Despite the challenges at its inception, many would agree that much progress has been made in the Nigerian e-commerce industry. The current reality is that there’s been major developments to what has been achieved over the past ten years. Current data suggests that more and more people are now onboarding the e-commerce train for their daily needs. The hardest sceptics are beginning to have a taste of what online shopping entails.
There is clear evidence of an upward shift in e-commerce momentum in the country. Currently, urban cities are becoming a beehive of e-commerce activities, with most small businesses now showcasing their wares online. Likewise, several logistics brands are springing up to meet the delivery demands of sellers and consumers. The sight of delivery vans and bikes are now common in major Nigerian cities such as Lagos, Rivers and Abuja. Also, one can begin to say the same for rural towns, which have recently seen an influx of e-commerce activities, especially through Jumia's JForce team, designated pickup stations and logistic partner services. With this, more items are now being delivered to remote areas in the country.
The trend is also reflected in the customer service experience on these platforms. Being the market leader, Jumia gets most customer traction; this is evident in testimonials from customers such as Blessing Zena, who resides in Benin, Edo State, "I've actually been shopping with Jumia for like six years. I shop on Jumia because I always get what I order. I bought a gown online on Jumia, and I wore it to church. People liked the gown and thought it was very fine. So they asked me to order the same gown for them, which I did. And when it came, they all liked their gowns," said Blessing.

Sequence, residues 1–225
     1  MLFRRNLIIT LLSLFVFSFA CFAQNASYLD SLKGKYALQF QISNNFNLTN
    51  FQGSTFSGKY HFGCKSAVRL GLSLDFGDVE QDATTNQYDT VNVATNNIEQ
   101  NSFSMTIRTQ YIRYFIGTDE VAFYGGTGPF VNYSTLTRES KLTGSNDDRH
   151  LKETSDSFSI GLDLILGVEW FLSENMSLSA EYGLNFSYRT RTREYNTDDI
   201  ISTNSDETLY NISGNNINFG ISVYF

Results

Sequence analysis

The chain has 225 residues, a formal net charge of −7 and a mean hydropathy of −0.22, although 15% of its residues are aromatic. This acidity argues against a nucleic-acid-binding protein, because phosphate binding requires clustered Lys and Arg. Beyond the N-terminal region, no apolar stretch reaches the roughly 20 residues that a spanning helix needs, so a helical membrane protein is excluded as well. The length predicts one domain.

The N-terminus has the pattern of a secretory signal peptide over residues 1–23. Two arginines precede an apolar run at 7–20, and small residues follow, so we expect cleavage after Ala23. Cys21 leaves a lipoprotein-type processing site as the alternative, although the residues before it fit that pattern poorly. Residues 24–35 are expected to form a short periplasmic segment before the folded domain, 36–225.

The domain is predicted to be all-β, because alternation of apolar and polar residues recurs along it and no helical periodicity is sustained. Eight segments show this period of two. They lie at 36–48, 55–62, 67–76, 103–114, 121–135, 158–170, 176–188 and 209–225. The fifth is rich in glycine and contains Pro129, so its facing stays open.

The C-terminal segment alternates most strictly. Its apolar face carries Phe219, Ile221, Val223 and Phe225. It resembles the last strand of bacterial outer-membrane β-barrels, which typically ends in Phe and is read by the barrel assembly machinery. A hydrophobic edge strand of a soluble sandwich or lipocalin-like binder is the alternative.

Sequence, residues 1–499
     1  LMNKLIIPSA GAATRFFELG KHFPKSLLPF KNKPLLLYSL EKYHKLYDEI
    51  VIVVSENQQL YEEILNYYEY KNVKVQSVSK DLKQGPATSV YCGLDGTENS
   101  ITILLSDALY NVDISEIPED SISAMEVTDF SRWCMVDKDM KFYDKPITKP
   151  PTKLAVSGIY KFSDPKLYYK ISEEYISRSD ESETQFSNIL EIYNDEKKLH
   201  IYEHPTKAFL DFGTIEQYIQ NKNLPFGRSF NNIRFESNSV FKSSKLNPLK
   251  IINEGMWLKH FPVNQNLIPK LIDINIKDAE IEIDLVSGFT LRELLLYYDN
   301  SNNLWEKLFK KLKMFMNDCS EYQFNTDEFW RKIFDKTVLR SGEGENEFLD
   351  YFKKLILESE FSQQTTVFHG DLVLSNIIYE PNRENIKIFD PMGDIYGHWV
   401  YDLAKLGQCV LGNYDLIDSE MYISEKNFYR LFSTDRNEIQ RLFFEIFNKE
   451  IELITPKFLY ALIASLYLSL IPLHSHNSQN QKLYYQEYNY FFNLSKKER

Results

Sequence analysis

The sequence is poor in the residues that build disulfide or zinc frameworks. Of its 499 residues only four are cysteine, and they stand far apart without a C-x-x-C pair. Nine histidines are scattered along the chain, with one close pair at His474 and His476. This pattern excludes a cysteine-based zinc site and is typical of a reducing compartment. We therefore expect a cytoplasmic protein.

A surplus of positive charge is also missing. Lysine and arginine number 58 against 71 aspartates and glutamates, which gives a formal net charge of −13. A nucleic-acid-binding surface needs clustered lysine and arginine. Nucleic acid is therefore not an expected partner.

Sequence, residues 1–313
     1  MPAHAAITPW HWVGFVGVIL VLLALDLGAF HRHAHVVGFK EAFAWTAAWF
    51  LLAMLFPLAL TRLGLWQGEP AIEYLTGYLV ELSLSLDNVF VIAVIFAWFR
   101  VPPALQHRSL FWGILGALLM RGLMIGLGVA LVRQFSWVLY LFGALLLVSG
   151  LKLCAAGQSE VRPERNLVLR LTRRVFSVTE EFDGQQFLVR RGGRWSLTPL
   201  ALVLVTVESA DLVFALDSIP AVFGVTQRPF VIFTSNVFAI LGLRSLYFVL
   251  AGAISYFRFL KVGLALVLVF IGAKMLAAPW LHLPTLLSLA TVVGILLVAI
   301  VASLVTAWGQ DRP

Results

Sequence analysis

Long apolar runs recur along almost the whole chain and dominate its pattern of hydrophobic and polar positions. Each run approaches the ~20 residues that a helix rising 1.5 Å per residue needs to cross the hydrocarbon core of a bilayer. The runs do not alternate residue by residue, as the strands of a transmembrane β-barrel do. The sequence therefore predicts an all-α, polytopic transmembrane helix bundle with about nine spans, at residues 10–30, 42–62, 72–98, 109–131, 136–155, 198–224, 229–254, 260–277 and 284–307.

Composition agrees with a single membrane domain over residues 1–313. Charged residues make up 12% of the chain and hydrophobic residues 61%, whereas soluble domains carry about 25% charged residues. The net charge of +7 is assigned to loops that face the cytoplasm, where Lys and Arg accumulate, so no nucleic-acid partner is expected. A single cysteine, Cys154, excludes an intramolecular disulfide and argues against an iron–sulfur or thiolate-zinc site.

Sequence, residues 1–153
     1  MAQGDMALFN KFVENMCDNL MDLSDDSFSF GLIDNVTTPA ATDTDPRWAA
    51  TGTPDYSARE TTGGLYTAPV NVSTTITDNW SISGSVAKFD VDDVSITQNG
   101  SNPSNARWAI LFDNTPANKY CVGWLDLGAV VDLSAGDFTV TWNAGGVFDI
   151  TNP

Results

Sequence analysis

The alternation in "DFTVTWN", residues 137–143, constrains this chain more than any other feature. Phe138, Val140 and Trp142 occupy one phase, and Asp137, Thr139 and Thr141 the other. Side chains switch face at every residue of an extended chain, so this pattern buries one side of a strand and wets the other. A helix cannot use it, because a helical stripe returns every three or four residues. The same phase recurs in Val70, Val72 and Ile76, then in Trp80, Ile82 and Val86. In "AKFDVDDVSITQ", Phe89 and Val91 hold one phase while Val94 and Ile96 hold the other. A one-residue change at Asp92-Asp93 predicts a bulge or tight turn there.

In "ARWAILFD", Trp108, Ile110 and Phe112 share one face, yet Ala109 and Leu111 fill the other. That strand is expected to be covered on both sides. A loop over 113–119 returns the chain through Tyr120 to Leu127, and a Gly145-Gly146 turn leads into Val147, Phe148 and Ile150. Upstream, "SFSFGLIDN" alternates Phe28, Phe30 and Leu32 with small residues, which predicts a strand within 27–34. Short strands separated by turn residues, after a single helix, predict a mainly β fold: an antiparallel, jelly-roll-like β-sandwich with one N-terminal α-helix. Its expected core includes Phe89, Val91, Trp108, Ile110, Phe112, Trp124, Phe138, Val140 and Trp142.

More important is the improvement in service delivery by key industry role players. The early days of online shopping were fraught with complaints: Late delivery of orders, wrong items and payment glitches were prevalent at the time. Though these issues are still being experienced at intervals, it is fair to say that online platforms have put in the effort to reduce such occurrences.
And in cases where this happens, measures have been put in place for a speedy refund process. These efforts are also being appreciated by consumers. "When there's any mixup like if I order a shirt that is not my size, I can return it, and they will not reject it. They will do something about it. And if I pay and maybe what I ordered is out of stock, they always refund my money. I don't have to stress myself before I get my money," Blessing said.
E-commerce brands are also improving their own service delivery and consumer experience capabilities, this is evident with their pick-up stations. A consumer is able to walk in and pick their item with a station nearby. This initiative brings service closer to consumers and ultimately results in positive returns for small and medium enterprises (SMEs).
Though the e-commerce industry still has a lot to improve on, the work being put in by the major industry players such as Jumia gives hope of a good future for e-commerce services in Nigeria.